Zero-day exploit hits Java – should you just turn it off?

The discovery of a zero-day vulnerability in Oracle’s Java 7 has prompted calls for users to turn off Java in their browsers until a patch is issued, something feds and other government managers might want to think about, too.

The flaw is being exploited in active, though so far limited, attacks that are originating from a server in China, according to security researcher Atif Mushtaq at FireEye, who first reported the flaw on Aug. 26.

The attacks download the Poison Ivy RAT (for Remote Access Trojan), which takes commands from a remote server. The vulnerability exists only in Java 7 (1.7) Update 0 to 6, not earlier versions, and works in all versions of Internet Explorer, Firefox and Opera, according to researchers Andre DiMino and Mila Parkour at DeepEnd Research, who also have examined the Trojan. Meanwhile, Rapid 7, which maintains the Metasploit bank of exploits for penetration testing and hacking, said it had developed an exploit that also works against Chrome.

The Metasploit exploit reportedly works against patched versions of Windows 7, as well as against IE and Firefox on Vista and XP, Chrome on XP and Firefox on Ubuntu Linux 10.04.

In developing the Federal Desktop Core Configuration for standardizing agency systems, the National Institute of Standards and Technology originally banned the use of Java because of security concerns. But in August 2008, NIST said agencies could enable Java on approved websites.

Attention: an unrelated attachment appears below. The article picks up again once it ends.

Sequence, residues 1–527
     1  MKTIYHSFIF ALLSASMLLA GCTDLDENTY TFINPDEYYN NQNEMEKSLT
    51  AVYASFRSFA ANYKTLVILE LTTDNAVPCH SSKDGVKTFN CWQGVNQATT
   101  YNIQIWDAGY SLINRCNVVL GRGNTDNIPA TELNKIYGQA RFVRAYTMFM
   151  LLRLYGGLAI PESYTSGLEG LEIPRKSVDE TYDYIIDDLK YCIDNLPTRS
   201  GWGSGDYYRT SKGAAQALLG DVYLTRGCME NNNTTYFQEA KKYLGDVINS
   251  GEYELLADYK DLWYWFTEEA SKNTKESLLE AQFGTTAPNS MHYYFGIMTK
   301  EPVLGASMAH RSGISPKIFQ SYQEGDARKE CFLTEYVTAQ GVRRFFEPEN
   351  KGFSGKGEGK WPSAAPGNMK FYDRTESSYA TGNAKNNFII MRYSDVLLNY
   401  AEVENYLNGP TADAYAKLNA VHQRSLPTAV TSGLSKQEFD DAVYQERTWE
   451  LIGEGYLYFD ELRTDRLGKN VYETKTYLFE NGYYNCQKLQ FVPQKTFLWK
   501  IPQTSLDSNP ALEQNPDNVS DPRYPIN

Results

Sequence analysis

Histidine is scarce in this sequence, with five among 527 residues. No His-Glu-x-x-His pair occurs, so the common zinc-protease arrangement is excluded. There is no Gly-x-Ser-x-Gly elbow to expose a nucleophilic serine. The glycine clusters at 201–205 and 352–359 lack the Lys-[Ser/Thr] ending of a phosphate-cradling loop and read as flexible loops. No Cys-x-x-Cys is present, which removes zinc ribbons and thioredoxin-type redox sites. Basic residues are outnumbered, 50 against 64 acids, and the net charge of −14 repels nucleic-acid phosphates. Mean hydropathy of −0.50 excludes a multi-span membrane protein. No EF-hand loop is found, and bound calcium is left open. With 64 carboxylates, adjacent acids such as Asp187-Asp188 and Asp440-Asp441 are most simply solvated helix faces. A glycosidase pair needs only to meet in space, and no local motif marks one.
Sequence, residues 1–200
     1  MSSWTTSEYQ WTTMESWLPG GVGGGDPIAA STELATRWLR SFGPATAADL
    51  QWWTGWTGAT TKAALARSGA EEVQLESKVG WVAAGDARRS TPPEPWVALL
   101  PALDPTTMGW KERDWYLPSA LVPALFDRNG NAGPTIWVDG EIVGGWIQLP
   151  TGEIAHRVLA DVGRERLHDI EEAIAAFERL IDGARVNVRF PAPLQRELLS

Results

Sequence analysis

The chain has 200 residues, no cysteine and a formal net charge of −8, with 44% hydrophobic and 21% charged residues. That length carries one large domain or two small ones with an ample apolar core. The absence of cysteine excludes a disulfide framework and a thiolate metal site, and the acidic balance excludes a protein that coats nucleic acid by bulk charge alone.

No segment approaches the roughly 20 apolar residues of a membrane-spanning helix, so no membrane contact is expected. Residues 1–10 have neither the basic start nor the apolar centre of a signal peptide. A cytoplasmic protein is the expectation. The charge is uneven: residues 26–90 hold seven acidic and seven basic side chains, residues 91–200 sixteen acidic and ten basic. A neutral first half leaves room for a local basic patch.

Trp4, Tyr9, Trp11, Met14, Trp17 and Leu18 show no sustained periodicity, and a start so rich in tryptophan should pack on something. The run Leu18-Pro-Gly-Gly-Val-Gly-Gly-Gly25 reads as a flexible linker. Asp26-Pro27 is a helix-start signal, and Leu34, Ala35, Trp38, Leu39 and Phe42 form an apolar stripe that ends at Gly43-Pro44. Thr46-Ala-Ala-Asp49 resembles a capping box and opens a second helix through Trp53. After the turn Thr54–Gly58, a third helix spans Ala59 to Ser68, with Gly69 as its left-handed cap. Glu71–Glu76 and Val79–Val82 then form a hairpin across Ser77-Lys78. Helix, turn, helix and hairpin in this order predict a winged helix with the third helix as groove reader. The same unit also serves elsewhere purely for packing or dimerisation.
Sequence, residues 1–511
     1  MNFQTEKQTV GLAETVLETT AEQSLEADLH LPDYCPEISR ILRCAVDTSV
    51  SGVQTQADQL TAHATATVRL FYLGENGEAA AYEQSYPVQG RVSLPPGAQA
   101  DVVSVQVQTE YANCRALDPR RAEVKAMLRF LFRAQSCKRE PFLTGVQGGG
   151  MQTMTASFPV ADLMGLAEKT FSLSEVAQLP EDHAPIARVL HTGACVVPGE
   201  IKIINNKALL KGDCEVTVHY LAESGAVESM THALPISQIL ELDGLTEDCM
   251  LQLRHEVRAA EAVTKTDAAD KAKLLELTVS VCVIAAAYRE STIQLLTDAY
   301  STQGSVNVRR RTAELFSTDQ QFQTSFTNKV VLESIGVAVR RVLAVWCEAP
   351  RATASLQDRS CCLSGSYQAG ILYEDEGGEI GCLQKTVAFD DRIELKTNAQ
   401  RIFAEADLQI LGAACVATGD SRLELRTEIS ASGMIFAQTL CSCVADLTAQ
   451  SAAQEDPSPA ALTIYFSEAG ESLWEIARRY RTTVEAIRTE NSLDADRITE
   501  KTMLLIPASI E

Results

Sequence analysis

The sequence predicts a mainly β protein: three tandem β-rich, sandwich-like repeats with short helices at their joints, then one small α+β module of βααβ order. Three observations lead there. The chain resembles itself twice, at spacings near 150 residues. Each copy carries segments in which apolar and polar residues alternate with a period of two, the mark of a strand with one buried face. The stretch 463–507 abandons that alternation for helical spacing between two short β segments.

Although reports of attacks are few so far, security researchers say the potential threat is serious because of Java’s ubiquity and because Oracle issues its patches quarterly, with the next one not due until October. Unless the company issues an emergency patch, unsuspecting users could be vulnerable to drive-by attacks.

Security writer Brian Krebs is among those advocating turning Java off. He said Windows users can check to see if they’re running Java by going to Java.com and clicking the “Do I have Java?” links and Mac users can check Software Updates.

If you use websites or programs that require Java, Krebs recommended using two browsers — one with Java turned off for most web use, and one with it enables for the must-have programs.

Andy Greenberg of Forbes pointed to instructions for disabling Java for Firefox, Chrome and Safari, and for IE.

DiMino and Parkour of DeepEnd Research, meanwhile, have developed an unofficial patch for anyone who really needs Java, although third-party patches aren’t generally recommended.

They also said downgrading to an earlier version of Java was not a good idea because of all the vulnerabilities vulnerabilities that exist in those older versions.

Until an official patch is issued, disabling Java wherever possible could be the best option.

About the Author

Kevin McCaney is a former editor of Defense Systems and GCN.

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